Athletes should not be entirely to blame for doping charges

September 7, 2018

Growing up, I loved Maria Sharapova, a Russian tennis player. But in 2016, she was just another famous face that joined a long list of doping athletes who were pulled from their sport. Even though Sharapova’s ban was only for two years, and eventually shortened to 15 months, it was enough to drop her to the low 200s in the Women’s Tennis Association (WTA) rankings. This is almost 100 spots lower than her ranking after being off the tour for nine months due to injury. Sharapova is lucky to be back in the tennis world, but her success is far from what it was before her ban.

For all the famous athletes convicted of doping, including world-renowned cyclist Lance Armstrong and most recently, American swimmer Ryan Lochte, the fate of their doping sentences are career-ending. Armstrong was stripped of his record seven consecutive Tour de France title. Lochte was recently hit with a 14-month ban, preventing him from competing until 2019, for his use of IV fluids to replenish the vitamins in his body, according to Lochte’s Instagram post.

Even though Lochte’s use of IV fluids is not a banned substance, athletes are not allowed to receive IVs unless it is related to any sort of hospitalization or an exemption approved by the U.S. Anti-Doping Agency. Lochte’s costly Instagram post halted his future in competitive swimming with his 10-month ban in 2016, which came from a drunken mishap at the 2016 Rio de Janeiro Olympic Games.

In the case of Sharapova, she was charged for using Meldonium, a drug that assists those with circulatory and heart conditions, which had been banned right before Sharapova tested positive. Even though she claimed to have been using the drug since she was younger to help with her heart issues, Sharapova takes full responsibility for her drug usage, claiming she did not open an email sent by the World Anti-Doping Agency, explicitly listing the banned substances.

Sharapova is not the only athlete that has been hit with a ban for their use of Meldonium. According to a New York Times article, many Eastern Europeans and citizens in ex-Soviet countries take Meldonium, or mildronate, to combat various heart conditions. Many Russian athletes have faced bans since Meldonium was banned on Jan. 1, 2016 by the World Anti-Doping Agency.

But for cases like Sharapova and Lochte, their bans still give them the opportunity to compete in the sport once their bans are lifted. However, athletes like Armstrong are not as lucky, having been stripped of all his titles and pushed into an early retirement.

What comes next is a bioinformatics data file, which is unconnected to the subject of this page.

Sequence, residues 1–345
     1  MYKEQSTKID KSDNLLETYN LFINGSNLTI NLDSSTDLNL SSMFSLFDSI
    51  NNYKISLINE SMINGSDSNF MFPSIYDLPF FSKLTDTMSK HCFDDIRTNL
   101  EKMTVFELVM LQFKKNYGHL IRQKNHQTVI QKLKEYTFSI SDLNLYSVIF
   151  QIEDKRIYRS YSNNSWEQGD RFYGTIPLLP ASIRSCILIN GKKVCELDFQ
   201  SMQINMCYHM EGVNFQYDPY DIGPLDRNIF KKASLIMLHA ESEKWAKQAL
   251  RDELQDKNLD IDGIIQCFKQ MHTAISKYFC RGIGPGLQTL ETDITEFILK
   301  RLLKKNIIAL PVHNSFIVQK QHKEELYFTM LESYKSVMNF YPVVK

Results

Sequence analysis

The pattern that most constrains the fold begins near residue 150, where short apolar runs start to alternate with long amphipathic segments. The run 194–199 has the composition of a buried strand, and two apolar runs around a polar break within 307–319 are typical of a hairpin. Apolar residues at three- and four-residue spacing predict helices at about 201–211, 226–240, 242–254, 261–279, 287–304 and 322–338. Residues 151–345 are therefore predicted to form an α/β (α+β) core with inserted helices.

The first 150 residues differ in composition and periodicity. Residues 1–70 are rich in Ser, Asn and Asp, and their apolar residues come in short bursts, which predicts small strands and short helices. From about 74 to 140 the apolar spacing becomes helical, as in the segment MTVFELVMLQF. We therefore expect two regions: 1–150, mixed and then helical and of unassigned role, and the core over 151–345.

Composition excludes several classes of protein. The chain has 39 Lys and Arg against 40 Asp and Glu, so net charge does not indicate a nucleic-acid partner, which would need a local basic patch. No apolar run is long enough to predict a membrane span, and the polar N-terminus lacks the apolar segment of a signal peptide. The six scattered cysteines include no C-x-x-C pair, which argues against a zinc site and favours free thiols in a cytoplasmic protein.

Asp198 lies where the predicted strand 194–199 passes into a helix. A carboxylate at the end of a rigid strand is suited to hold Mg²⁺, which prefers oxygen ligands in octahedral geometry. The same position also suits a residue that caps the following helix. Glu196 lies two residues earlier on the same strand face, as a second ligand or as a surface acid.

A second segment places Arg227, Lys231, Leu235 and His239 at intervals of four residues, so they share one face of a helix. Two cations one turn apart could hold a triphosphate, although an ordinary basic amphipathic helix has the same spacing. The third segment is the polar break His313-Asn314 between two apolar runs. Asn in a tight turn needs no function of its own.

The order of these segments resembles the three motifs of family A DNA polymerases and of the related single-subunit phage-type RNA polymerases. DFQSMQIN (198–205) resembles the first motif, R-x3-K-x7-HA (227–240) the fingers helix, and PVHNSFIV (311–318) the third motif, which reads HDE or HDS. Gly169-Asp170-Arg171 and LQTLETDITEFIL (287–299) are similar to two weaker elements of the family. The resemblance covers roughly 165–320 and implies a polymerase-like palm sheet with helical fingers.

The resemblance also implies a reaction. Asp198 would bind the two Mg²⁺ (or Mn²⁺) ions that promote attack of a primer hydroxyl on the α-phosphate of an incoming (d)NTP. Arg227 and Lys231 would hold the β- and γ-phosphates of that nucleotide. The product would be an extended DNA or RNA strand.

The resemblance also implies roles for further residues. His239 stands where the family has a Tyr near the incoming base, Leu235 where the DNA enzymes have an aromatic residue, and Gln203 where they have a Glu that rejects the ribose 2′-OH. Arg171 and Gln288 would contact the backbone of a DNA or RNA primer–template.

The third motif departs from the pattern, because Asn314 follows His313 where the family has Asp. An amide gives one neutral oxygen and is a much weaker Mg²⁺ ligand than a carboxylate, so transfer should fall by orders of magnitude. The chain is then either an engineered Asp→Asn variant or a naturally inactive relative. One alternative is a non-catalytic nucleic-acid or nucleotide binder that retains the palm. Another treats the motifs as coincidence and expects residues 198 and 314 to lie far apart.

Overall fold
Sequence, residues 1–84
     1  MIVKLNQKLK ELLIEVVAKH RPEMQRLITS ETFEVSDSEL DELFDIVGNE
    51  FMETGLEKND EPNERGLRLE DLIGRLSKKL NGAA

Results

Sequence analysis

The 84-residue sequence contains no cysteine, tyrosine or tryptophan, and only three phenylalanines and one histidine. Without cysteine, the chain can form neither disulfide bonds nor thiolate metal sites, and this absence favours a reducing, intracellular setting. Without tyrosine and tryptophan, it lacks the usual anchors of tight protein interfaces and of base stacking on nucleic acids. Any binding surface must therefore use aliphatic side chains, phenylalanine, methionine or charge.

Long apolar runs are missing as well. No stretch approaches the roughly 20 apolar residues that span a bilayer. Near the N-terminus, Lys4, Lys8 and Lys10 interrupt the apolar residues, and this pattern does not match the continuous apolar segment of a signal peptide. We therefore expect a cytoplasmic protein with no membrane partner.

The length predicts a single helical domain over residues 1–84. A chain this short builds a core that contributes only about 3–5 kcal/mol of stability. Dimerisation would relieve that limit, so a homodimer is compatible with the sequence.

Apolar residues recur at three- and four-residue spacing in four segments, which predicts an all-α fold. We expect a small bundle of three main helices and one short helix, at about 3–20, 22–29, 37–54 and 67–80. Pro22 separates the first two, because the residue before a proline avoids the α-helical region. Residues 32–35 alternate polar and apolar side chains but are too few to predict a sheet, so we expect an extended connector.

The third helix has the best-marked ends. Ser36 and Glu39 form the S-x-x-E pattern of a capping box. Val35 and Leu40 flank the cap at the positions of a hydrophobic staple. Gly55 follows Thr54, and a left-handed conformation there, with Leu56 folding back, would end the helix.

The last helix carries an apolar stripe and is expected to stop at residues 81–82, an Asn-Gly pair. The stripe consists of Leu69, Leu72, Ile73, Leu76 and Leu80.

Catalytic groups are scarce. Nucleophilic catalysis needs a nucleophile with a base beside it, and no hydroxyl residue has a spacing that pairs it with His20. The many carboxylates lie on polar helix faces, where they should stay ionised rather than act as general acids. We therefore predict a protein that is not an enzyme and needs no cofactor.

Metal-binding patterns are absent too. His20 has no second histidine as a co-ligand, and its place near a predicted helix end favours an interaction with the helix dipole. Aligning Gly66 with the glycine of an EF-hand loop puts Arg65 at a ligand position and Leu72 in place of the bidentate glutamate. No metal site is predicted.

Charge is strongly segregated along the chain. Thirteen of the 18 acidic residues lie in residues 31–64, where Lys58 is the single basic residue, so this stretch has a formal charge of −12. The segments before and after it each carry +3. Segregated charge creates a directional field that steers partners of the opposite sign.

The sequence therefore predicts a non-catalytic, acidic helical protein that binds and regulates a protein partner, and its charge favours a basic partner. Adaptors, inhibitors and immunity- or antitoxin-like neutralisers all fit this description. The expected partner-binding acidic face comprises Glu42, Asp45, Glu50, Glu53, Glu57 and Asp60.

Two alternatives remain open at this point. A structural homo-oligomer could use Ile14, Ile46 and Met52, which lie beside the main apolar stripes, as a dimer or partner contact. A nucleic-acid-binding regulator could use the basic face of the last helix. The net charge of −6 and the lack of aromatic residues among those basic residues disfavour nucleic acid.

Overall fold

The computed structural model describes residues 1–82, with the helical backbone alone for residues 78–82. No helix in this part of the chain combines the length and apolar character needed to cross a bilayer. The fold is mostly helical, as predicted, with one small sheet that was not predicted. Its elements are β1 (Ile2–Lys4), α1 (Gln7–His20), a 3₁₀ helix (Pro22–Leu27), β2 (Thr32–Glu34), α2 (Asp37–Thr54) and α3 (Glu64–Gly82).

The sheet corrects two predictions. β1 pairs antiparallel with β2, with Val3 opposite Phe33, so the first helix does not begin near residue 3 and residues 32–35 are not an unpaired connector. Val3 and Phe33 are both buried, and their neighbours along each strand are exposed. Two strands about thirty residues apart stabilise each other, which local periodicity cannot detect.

For all the highly publicized doping cases, there seems to be a common trend in the athletes’ reactions to their sentences. Though most take full responsibility for their actions and accept their bans, most, if not all, of the convicted do not blame themselves for their ban. So then, who is to blame? Athletes claim it is the Anti-Doping Agencies that maintain the rules, but the distribution of information among all athletes seems cutthroat or else everyone would be caught.

While I agree that athletes should be held accountable for their actions, the agencies that deal with the banning sentences and prosecution of doping athletes are also at fault. Even though there are always new drugs coming out on the market that can enhance the performance of athletes, some of the bans on athletes are completely unjust.

In the case of Sharapova, she had been taking Meldonium since 2006, a full 10 years before the ban was placed on the drug. Coming from a family with a history of heart disease and diabetes, the medication helped Sharapova take care of her heart and blood issues, not for the purpose of increasing her performance. While some may argue that the use of the drugs did technically increase her performance, her use of the drug was first and foremost for her own health.

While the anti-doping agencies are very good about reducing sentences and giving the benefit of the doubt to athletes, they should rethink their methods of informing athletes about the newly banned substances and create methods in which athletes are able to defend their drug use for medical reasons if they have been using the substances for years. Because it is often difficult to find an alternative to a medication that does so much good for one’s body, causing an athlete to stop taking a drug that they have been taking for so many years has the possibility to cause significant health issues when the drug is suddenly stopped.

In no way are performance-enhancing drugs good for the public image of an athlete, but sometimes the medications are necessary for everyday life, and an athlete should not be punished for that on its own.

Menu Title